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Project Pacific outshines vSphere 6.7 U3, Platinum updates

VMworld's 'What's new in vSphere?' session at VMworld is a perennial attendee favorite, but the updates were overshadowed by the hubbub around Project Pacific.

SAN FRANCISCO -- Updates to vSphere 6.7 U3 include multiple virtual GPU and dynamic domain name system support, but the real buzz is around the Project Pacific technical preview.

VMware announced it's in the process of reengineering vSphere to include native Kubernetes, an initiative it's calling Project Pacific. The aim with this initiative is to bring application development and IT operations together, which VMware hopes will establish vSphere as the platform for modern applications.

Project Pacific technical preview

By embedding Kubernetes directly into vSphere, VMware allows both developers and IT administrators to deploy and manage containers and VMs using the interfaces and terms with which they are familiar. Project Pacific uses Kubernetes' namespaces for container creation and enables vSphere admins to manage the container like they would a VM.

VMware said Project Pacific runs 30% faster than Linux VMs and 8% faster than bare metal.

"They've got to work with the APIs and directly with the hardware, which I think VMware can do," said Dave Utter, system administrator at NBT Bancorp Inc., a financial services holding company headquartered in Norwich, N.Y.

Not everyone is on the Kubernetes bandwagon yet, but attendees seem intrigued by the news.

"We don't have very many developers. ... But I think if somebody could help us integrate for some more custom applications we have, as well as some of our existing ones, [that would be] great," said Joe Dutro, system administrator at Casper College, a community college in Casper, Wyo.

VMware plans to bring Project Pacific to vSphere beta testing later this year, but there's no official word on the timeline for general availability yet. Looking ahead, vSphere 6.0 end of life is March 12, 2020, and the end of life for vSphere 6.5 and 6.7 is November 15, 2021, so admins can reasonably expect it within that window.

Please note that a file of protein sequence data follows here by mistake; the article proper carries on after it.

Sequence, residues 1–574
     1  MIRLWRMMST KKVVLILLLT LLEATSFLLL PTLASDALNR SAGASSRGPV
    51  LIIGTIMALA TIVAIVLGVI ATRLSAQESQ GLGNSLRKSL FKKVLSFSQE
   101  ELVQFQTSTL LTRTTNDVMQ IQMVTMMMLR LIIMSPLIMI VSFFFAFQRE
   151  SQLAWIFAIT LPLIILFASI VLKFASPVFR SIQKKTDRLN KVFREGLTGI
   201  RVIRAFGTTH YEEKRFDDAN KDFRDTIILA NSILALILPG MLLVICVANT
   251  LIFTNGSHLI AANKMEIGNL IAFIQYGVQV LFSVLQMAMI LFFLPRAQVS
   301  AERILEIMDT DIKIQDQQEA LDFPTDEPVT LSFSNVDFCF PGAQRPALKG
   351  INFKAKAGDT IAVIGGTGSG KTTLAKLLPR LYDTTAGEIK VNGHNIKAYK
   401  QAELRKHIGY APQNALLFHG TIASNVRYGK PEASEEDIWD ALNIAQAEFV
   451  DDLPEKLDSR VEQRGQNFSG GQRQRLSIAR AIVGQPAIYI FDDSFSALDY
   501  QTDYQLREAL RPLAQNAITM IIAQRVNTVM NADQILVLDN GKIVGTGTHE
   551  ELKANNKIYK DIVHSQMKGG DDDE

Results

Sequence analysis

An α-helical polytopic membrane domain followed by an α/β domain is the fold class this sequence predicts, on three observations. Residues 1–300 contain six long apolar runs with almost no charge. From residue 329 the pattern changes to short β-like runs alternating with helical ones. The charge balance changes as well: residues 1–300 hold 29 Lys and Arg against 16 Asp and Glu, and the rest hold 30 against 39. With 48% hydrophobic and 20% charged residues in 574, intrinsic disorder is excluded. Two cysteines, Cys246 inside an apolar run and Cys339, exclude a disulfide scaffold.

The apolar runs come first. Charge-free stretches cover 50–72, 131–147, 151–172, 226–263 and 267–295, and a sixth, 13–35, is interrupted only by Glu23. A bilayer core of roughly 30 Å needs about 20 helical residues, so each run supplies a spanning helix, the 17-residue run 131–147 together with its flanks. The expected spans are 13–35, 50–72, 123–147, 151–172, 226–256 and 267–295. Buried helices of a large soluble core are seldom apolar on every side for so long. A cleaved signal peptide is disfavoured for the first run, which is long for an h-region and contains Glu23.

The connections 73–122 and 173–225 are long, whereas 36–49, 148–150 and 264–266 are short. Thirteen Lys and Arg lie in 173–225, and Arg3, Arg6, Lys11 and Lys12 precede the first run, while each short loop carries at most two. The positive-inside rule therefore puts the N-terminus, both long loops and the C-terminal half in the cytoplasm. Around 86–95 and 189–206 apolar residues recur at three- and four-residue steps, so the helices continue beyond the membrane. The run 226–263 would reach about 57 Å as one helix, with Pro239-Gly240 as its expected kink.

VMware is also putting its acquisition of Bitfusion to use by announcing plans to integrate the startup's GPU virtualization technology into a future version of vSphere.

Bitfusion's software decouples GPUs from the physical host, enabling VMs on separate physical hosts to access those pooled GPU resources. The technology is aimed at helping customers make more efficient use of GPUs for AI and machine learning workloads that may have inconsistent demand.

VMware vSphere 6.7 U3 updates

VMware vSphere 6.7 U3 was released on Aug. 20.. It includes support for up to four virtual GPUs per VM, Advanced Micro Devices EPYC Generation 2 processor support, Primary Network Identifier change capability, dynamic domain name system support, driver enhancements and vSAN performance enhancements.

Because vSphere is an established platform at this point, admins are looking more for improvements to basic functionality over new features.

"I'm hoping that they're going to streamline some of the application side as far as Update Manager and accessing the hardware and making it more efficient," Utter said.

VMware vSphere Platinum updates

VMware's vSphere Platinum Edition, which combines vSphere with AppDefense, also includes several updates and new features.

In terms of workload visibility, the Platinum Edition provides improved process execution and network connection per VM. And for workload assurance, it offers improved reputation analysis and new behavior analysis functionality with machine learning. OS and kernel assurance round out the new workload control features.

VMware also improved intrinsic security lifecycle management in the Platinum Edition of vSphere, with new application health dashboards that include a list of the validation checks that have been performed.

"I'm excited about how they're expanding this product to make it even better than it was. My first experience with VMware vSphere was 5.0, and with every iteration, they make huge improvements ... and make it easier to manage," Dutro said.

Nick Martin also contributed to this report.

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In what ways do you foresee application development changing with a Kubernetes implementation in vSphere?
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